ericatcw writes "While the US government is intent on adding new rules around the shipment and carrying of Lithium-Ion batteries on passenger and cargo planes, data from its own Federal Aviation Agency show that the risk of being on an airplane where someone — not necessarily you — suffers a minor injury due to a battery is only one in 28 million, reports Computerworld, which analyzed the data (skip to the chart here) using the free Tableau Public data visualization service. Getting killed in a car accident, by contrast, is 4,300 times more likely. Opponents say the rules could raise the cost of shopping online and add hassles for fliers and consumers."
TapeCutter writes "In a paper soon to be published (PDF) in the Astrophysical Journal, Australian researchers have estimated the entropy of the universe is about 30 times higher than previous estimates. According to their research, super-massive black holes 'are the largest contributor to the entropy of the observable universe, contributing at least an order of magnitude more entropy than previously estimated.' For those of us who like their science in the form of a car analogy, Dr. Lineweaver compared their results to a car's gas tank. He states, 'It's a bit like looking at your gas gauge and saying "I thought I had half a gas tank, but I only have a quarter of a tank."'" Fortunately, that quarter of a tank will still get us as far as we need to go and then some.
mr crypto writes "User interfaces make copious use of pictures and symbols, but how abstract should images be? Lukas Mathis has an interesting blog entry on where to draw the line."
benz001 writes "In the run-up to everyone's favourite tablet, Phil Gyford goes back through his gadget collection and compares text entry speeds to see which one comes out on top. It's not what you'd call a rich data set, and of course the Qwerty keyboard comes up trumps, but the iPhone virtual keyboard came in a surprisingly close second, just edging out the Treo — and all the keyboard solutions regardless of how small and fiddly beat real pen and paper. This probably matches most people's experience (when was the last time you had to handwrite more than a bullet point in a meeting?) and gels pretty well with Macworld's predictions but I'm still hoping for sub-vocal voice recognition. (Jump straight to the final results here)."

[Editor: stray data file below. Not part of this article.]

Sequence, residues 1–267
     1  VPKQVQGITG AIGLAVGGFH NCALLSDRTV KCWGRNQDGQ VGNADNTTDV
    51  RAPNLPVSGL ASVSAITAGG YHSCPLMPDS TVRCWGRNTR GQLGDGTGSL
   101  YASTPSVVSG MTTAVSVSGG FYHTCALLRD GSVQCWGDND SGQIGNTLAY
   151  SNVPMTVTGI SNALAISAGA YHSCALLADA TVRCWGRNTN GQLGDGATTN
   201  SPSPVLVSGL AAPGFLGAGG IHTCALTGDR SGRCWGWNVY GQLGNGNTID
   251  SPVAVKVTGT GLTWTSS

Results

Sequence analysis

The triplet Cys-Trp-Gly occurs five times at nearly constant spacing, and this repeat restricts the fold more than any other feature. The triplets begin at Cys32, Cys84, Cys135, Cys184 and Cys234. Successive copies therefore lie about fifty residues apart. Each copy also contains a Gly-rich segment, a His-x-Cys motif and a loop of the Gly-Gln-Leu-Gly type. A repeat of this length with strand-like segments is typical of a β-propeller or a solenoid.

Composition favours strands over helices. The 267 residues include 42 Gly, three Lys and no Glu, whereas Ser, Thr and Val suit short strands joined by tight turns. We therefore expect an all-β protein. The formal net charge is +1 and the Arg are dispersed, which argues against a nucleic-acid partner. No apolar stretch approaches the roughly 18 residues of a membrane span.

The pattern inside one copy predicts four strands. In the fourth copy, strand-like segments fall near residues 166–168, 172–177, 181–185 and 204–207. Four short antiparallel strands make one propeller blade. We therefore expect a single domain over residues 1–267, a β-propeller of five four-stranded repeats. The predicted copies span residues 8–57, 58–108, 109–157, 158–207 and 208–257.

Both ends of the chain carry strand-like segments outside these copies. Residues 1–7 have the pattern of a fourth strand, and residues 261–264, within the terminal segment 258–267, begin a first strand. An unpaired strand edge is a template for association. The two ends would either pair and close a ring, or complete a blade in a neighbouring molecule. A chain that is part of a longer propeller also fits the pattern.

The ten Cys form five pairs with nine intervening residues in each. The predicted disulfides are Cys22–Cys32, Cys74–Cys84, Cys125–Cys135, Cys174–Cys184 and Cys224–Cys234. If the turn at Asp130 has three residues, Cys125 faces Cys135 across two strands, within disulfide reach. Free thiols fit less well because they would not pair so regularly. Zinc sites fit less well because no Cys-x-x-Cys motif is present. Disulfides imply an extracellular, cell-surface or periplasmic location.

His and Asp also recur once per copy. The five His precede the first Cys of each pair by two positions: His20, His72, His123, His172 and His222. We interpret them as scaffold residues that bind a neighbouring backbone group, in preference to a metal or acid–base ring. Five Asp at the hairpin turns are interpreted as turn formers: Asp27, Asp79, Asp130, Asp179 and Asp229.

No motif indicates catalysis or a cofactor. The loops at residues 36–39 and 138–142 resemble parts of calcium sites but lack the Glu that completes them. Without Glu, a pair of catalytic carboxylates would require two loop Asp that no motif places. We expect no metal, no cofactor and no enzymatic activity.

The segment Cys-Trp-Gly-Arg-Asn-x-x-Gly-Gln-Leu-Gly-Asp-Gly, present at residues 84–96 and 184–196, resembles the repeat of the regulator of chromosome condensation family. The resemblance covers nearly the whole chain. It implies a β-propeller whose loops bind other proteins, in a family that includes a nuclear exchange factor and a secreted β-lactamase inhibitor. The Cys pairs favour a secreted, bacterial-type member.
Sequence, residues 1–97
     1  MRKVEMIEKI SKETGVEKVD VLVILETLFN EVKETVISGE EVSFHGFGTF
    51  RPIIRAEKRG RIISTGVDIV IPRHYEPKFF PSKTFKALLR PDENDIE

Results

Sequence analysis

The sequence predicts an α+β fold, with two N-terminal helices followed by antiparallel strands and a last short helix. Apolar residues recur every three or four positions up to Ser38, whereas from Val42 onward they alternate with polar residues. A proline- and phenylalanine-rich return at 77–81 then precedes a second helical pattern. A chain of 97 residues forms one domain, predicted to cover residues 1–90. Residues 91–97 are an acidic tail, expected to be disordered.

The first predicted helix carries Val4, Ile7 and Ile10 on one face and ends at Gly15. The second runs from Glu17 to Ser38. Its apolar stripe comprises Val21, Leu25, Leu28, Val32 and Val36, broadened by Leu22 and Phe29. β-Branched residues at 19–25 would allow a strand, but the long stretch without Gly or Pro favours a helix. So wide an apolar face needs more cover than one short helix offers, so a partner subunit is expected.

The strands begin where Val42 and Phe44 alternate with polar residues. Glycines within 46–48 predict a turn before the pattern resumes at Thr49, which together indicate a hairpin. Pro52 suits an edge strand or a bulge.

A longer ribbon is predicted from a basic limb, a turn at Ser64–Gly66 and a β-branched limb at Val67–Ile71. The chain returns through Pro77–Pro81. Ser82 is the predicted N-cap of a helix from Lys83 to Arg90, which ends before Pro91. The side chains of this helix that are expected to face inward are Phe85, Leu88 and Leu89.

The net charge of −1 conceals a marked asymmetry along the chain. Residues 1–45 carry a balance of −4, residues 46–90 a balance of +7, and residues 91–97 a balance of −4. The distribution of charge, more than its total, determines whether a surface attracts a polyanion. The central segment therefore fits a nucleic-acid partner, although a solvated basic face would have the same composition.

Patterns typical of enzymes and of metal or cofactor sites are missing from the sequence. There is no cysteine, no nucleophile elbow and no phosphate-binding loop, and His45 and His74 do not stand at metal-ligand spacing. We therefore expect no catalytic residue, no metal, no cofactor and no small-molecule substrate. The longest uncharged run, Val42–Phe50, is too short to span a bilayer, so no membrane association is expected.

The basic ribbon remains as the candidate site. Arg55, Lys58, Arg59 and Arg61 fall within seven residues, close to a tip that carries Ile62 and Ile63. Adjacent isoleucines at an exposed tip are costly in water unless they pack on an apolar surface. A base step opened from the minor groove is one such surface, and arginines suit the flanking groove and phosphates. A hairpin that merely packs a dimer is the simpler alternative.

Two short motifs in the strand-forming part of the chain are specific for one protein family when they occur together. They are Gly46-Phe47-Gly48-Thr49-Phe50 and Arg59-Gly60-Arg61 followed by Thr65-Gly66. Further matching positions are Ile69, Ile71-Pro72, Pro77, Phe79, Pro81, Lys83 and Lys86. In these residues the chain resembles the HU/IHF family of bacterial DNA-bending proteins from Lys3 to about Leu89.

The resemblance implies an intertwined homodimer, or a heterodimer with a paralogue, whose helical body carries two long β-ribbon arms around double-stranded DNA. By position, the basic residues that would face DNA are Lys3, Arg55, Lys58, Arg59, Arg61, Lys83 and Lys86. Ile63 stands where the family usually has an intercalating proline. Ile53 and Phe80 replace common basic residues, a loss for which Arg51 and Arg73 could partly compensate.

mliu writes "In what is sure to be a blow to the already beleaguered stand-alone GPS market, Nokia, the global leader in smartphone market share, has released a fully offline-enabled free GPS navigation and mapping application for its Symbian smartphones. Furthermore, the application also includes Lonely Planet and Michelin guides. Unfortunately, the N900, which is beloved by geeks for its Maemo Linux-based operating system, has not seen any of the navigation love so far. With Google's release of Google Navigation for Android smartphones, and now Nokia doing one better and releasing an offline-enabled navigation application, hopefully this is the start of a trend where this becomes an expected component of any smartphone."